Senior Horse Feed

Retired Horse Feed

An all-in-one, high-fat, controlled starch feed for the special needs of older horses. This is a high-fat feed based on beet pulp. If the nutritionist recommends an older horse feed, imagine her shock. Once you have excluded them, you can switch your horse to a senior feed that is specially adapted to the needs of older horses.

Complete Equine Senior® feed for horses

Purina's horse nutrition scientists and veterinarians are constantly exploring new ways to meet the unique needs of ageing horse and enable your older horse to lead a long, healthful living. The Purina® equine Senior horse feed has been researched at the Purina Animal Nutrition Center for over 20 years. This formula combines all the advantages of the proven and tested Genuine Senior® horse feed with the latest findings in horse research.

Begin with the quantities indicated for the horse's load and life style. If the horse is observed for a long while, the amount of food can be raised or lowered by 10% to achieve the required state of the horse's conformation and the required load. If the horse is susceptible to carbohydrate, please contact a vet or dietician.

You can feed good meadow or grass with Equine Senior® horse feed. Ensure that your horse is free of tooth decay and can efficiently bite and use the feed. Decrease the amount of Equine Senior horse feed by 1.0 lbs per 1.5 to 2.0 lbs of horse-feed.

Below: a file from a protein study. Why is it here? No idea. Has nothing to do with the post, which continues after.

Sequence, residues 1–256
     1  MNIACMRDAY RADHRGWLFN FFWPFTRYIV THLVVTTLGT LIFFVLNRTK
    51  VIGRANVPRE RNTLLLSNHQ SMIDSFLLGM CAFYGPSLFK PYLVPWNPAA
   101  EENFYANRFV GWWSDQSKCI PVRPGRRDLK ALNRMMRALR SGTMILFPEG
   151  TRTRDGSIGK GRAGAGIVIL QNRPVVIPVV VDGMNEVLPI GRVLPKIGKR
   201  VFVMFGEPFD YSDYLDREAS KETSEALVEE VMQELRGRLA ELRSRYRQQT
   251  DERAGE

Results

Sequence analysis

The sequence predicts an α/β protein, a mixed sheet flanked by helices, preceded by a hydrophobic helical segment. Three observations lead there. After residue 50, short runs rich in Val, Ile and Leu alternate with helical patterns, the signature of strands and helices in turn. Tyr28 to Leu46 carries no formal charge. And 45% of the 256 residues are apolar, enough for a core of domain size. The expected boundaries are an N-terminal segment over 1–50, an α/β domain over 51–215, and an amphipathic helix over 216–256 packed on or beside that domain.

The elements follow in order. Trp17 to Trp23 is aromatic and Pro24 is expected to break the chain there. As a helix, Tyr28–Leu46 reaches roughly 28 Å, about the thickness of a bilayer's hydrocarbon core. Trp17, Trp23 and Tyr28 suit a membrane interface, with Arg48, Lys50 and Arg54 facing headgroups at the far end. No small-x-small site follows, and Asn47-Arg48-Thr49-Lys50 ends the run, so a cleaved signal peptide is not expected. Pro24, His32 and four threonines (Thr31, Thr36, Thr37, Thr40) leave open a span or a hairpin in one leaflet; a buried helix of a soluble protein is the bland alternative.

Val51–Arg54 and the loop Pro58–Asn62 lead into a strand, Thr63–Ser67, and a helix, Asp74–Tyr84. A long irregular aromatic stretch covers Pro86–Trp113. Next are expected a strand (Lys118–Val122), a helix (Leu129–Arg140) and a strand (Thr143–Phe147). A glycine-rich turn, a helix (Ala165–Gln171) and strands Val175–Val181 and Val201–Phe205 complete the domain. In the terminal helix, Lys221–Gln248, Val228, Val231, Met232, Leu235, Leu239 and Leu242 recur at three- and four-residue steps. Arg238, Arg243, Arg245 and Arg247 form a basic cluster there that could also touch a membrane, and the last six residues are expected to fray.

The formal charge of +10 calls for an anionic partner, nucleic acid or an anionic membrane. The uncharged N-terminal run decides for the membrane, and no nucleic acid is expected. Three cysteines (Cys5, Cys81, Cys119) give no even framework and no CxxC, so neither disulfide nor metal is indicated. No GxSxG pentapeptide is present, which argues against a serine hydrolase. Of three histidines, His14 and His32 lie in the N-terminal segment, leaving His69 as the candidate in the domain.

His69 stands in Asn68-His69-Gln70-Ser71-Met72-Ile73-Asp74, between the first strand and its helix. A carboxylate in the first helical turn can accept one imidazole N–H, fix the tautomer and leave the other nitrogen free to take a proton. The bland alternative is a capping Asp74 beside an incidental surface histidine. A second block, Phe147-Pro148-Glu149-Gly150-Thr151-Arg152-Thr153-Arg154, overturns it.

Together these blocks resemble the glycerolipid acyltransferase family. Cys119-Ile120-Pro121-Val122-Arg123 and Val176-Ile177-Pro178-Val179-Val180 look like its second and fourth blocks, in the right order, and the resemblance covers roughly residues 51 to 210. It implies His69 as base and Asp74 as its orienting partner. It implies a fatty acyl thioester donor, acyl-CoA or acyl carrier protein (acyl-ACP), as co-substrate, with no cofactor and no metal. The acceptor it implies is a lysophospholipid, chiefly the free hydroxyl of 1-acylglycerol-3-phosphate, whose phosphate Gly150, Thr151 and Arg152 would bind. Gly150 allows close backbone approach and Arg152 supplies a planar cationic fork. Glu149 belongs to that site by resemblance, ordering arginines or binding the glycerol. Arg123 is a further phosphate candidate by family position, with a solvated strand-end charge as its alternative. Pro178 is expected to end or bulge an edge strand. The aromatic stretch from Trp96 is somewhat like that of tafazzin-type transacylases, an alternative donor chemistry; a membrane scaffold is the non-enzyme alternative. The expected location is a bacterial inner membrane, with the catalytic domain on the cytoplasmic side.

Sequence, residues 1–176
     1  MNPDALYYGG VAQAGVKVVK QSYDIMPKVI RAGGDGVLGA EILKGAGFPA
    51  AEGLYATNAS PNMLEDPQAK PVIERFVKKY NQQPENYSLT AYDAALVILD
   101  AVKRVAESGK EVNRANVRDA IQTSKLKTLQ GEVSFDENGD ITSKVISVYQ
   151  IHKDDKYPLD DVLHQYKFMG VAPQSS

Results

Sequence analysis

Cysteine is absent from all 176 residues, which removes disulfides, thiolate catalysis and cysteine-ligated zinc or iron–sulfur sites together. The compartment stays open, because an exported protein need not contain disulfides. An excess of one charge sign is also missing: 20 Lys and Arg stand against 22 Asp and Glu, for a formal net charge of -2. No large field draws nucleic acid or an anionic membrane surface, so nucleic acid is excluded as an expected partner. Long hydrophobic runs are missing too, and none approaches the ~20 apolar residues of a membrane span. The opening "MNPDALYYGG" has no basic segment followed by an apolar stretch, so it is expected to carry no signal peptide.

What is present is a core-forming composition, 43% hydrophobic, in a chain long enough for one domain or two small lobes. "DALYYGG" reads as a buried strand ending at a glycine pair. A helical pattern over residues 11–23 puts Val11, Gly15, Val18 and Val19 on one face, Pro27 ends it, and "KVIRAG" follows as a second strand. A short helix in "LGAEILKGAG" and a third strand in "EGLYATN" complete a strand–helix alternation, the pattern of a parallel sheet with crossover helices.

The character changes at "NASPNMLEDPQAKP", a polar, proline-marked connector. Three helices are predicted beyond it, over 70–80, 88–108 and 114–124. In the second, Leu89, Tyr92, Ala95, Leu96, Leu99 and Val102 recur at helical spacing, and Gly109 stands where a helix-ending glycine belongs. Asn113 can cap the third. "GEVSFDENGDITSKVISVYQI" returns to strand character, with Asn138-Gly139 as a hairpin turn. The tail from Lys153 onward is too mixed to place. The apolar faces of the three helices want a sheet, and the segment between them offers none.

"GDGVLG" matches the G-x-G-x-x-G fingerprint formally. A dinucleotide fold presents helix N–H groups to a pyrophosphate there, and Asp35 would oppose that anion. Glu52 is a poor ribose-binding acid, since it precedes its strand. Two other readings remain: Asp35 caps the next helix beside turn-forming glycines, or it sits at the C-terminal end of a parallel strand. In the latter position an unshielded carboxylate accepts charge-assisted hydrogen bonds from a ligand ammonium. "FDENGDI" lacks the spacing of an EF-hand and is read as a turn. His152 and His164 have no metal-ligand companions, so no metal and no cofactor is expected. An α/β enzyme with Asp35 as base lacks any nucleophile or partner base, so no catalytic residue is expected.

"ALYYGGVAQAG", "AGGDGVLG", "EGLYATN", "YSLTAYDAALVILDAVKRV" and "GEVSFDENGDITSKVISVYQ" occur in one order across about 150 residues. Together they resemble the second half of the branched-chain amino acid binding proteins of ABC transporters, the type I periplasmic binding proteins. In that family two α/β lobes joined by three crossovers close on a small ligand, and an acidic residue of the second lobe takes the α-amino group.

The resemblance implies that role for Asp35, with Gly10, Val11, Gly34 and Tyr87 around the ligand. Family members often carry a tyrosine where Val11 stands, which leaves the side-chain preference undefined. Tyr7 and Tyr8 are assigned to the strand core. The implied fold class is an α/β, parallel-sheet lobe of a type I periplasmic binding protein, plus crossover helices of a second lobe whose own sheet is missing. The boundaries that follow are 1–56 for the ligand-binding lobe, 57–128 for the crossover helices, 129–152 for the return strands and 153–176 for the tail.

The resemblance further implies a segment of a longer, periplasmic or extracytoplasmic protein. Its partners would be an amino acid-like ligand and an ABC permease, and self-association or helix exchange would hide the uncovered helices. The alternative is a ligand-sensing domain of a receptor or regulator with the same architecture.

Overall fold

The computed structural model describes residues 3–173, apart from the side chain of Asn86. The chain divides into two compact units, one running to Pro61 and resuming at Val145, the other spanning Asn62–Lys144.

Feed no less than 0.6 lbs per 100 lbs of Equine Senior horse feed per diet when supplemented with hey to cover the minimal dietary needs for proteins, vitamin and mineral supplements. The feed rate varies according to height, aging, temperament, condition, weather and activities. Feeds regularly - at least twice a diurnal - with three feeds a diurnal.

Leave the horse in a pristine stance in a trough with a large floor at regular or lower level.

The feed change should take place stepwise over a 7 to 10 week time. Feed changes should not be more than 1.0 pounds per horse per night. Give your horse entrance to brine. Examine the horse's mouth every year and see your vet regularly.

Perform the feed exchange step by step over a 7 to 10 week time. The new fodder should be mixed with the old fodder by progressively adding more of the new fodder while reducing the same amount of the old fodder. Feed changes should not be more than 1 lb per horse per day.

Avoid feeding mouldy or insect-infested feed to pets, as this can lead to disease, poor nutrition or dead.

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